Safety & Testing

The following is a list of some of the testing we perform on our sports systems to make sure we meet and exceed all turf field safety, durability, and performance expectations. We submit our products to different independent testing labs so that they can conduct industry standard tests as set by the American Society for Testing and Materials (ASTM).

Battery of Tests
Comprehensive Testing for Assured Performance
GMAX (ASTM F355-01):

A test specimen is impacted at a specified velocity with a missile of given mass and geometry. A transducer mounted in the missile monitors the acceleration-time history of the impact, which is recorded with the aid of an oscilloscope or other recording device. The 20 lb. missile with a 20 in 2 surface area is dropped at the appropriate height to ensure the appropriate missile speed as specified by the ASTM method.

Tuft Bind (ASTM D1335-05):

This test method is designed to measure the force required to pull a tuft completely out of a pile floor covering. it’s applicable to both cut and looped pile construction.

Yarn Number (ASTM D1907-07):

This method covers the determination of yarn number in package form. Specified lengths of yarn are wound on reels as skeins and weighed. The yarn number is calculated from the mass and the length of the yarn in the skein.

Breaking Load (ASTM D5034-09):

This test method is designed to measure the breaking load or woven and non-woven backing fabrics. It is a measure of the fabric’s ability to withstand the forces applied during installation and the loads imposed by heavy traffic

Pile Weight (ASTM D5848-10):

Representative test specimens are taken from the sample submitted and conditioned to equilibrium at 70º ± 2º F and 65% ± 2% relative humidity. The pile yarn mass is determined by separating and removing the pile yarn from the backing fabric and the back coating with the assistance of the appropriate solvents.

Surface Flammability (ASTM D2859):

This test method is intended to measure the response of finished textile floor covering materials when exposed to an ignition source under controlled laboratory conditions. It is applicable to all types of textile floor coverings whether constructed from natural or man-made materials.

Lisport Test:

The test sample of turf is prepared to the requested pounds per unit area of infill blend. This prepared surface is pre-conditioned and then attached to the Lisport device. The rolling heads are traversed across and back for a total of 40,000 cycles. At 2,500 cycle intervals the sample is reconditioned with any infill that has been displaced. After the testing, the sample is examined and comments are made on the condition of the system and the individual fibers.

HIC Test:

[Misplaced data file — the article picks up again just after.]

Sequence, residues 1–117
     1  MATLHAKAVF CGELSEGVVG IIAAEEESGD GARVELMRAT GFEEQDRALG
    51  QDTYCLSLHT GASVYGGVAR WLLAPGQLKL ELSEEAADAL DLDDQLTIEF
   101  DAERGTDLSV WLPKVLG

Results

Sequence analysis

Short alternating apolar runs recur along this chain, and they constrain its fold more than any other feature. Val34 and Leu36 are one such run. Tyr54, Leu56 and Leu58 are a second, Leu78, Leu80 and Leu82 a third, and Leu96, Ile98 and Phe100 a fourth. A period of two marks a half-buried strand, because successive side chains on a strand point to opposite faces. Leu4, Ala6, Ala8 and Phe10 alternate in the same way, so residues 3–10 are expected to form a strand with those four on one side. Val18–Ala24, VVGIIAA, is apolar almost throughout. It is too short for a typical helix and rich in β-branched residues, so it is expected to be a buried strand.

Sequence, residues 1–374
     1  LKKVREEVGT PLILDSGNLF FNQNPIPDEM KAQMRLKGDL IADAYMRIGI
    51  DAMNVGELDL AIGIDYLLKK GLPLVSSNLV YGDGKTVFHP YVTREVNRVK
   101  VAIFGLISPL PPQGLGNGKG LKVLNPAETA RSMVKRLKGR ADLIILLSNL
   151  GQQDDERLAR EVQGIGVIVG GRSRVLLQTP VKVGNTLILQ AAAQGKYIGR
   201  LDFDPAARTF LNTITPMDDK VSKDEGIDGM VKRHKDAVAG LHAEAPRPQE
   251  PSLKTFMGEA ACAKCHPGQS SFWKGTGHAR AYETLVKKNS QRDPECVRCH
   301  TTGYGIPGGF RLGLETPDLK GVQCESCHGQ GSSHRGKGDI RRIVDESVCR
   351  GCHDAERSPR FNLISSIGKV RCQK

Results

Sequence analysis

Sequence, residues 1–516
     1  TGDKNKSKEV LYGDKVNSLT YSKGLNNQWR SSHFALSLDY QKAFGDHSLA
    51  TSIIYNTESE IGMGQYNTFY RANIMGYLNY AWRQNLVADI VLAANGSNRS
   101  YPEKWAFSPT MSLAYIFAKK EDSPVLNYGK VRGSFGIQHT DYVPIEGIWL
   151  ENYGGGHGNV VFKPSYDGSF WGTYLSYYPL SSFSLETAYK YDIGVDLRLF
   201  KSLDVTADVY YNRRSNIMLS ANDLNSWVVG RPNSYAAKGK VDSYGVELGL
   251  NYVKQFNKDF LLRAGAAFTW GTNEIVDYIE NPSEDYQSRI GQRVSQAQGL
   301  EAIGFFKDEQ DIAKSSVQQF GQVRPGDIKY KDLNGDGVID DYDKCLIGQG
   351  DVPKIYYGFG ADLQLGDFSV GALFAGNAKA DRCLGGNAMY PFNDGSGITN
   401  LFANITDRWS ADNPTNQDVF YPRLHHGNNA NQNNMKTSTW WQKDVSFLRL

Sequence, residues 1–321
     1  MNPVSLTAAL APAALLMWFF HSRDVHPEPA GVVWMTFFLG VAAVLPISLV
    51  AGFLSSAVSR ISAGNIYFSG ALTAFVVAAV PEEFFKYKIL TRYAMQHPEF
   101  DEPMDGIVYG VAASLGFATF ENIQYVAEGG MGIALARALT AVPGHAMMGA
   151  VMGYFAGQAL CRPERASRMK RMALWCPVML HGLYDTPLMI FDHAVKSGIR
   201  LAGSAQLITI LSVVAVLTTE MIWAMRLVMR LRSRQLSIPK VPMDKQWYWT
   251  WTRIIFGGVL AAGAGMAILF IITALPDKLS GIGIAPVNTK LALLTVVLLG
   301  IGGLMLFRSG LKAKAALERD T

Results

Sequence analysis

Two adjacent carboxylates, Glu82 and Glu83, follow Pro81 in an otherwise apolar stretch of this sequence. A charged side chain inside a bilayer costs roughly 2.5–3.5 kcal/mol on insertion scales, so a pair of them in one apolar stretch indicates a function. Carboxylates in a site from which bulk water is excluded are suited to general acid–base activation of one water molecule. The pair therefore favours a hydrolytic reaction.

HIC stands for Head Injury Criterion. Similarly to the GMAX test, it measures the collision force to the surface. However, this test is designed to mimic the shape of a head in order to better gauge the likelihood of head injury. This test is required by World Rugby standards, and is also used in many playgrounds.

FIFA Testing:

All of the following information is derived from FIFA and their testing methods to determine the performance and playability of a soccer pitch.

Vertical ball rebound: This test method is designed to measure the force required to pull a tuft completely out of a pile floor covering. It is applicable to both cut and looped pile construction.

Angled ball rebound: This test method is designed to measure the force required to pull a tuft completely out of a pile floor covering. It is applicable to both cut and looped pile construction.

Ball roll: The higher the value the faster the ball will run over the surface. The ball should not be too fast or too slow.

Shock absorption: Shock absorbency is an indication of how hard the field feels to the player. A value that is too low indicates a hard field and causes damage to players’ joints. Too soft and the surface is energy sapping, resulting in increases in fatigue and overuse injuries.

Deformation: A surface that deforms too much will result in overstretching of ligaments, particularly around the ankle.

Rotational resistance: This simulates the player’s ability to alter direction. Too high a value and stress can occur across knee ligaments, too low and the player will not be able to grip the surface and may slip causing ligament damage.

Linear friction (2 methods of testing):

  1. If, when stopping, the player’s ankle is subject to too high a deceleration, damage to the ankle can occur. Therefore too high a value will result in an increased risk to ankle injuries.
  2. A player needs to accelerate and decelerate rapidly. To achieve this effect the player needs to obtain grip from the surface. Too high a grip will lead to injury. Too low a grip will result in the boot slipping in the surface and the player cannot accelerate or decelerate safely.

Skin abrasion/skin friction: A special silicone elastomer that simulates natural skin is rubbed over the surface at speed. Afterwards, the damage to the silicone is assessed and the friction between the silicone elastomer and the synthetic grass is recorded. The change in the elastomer is measured, a large change indicating an abrasive surface.

Lisport (Up to 80,000 cycles): Measures fiber durability, emulates cleat interaction on synthetic turf, and is typically run through 20,000-30,000 cycles, equating to roughly 8 years of usage.

*Additional testing is executed when applicable.
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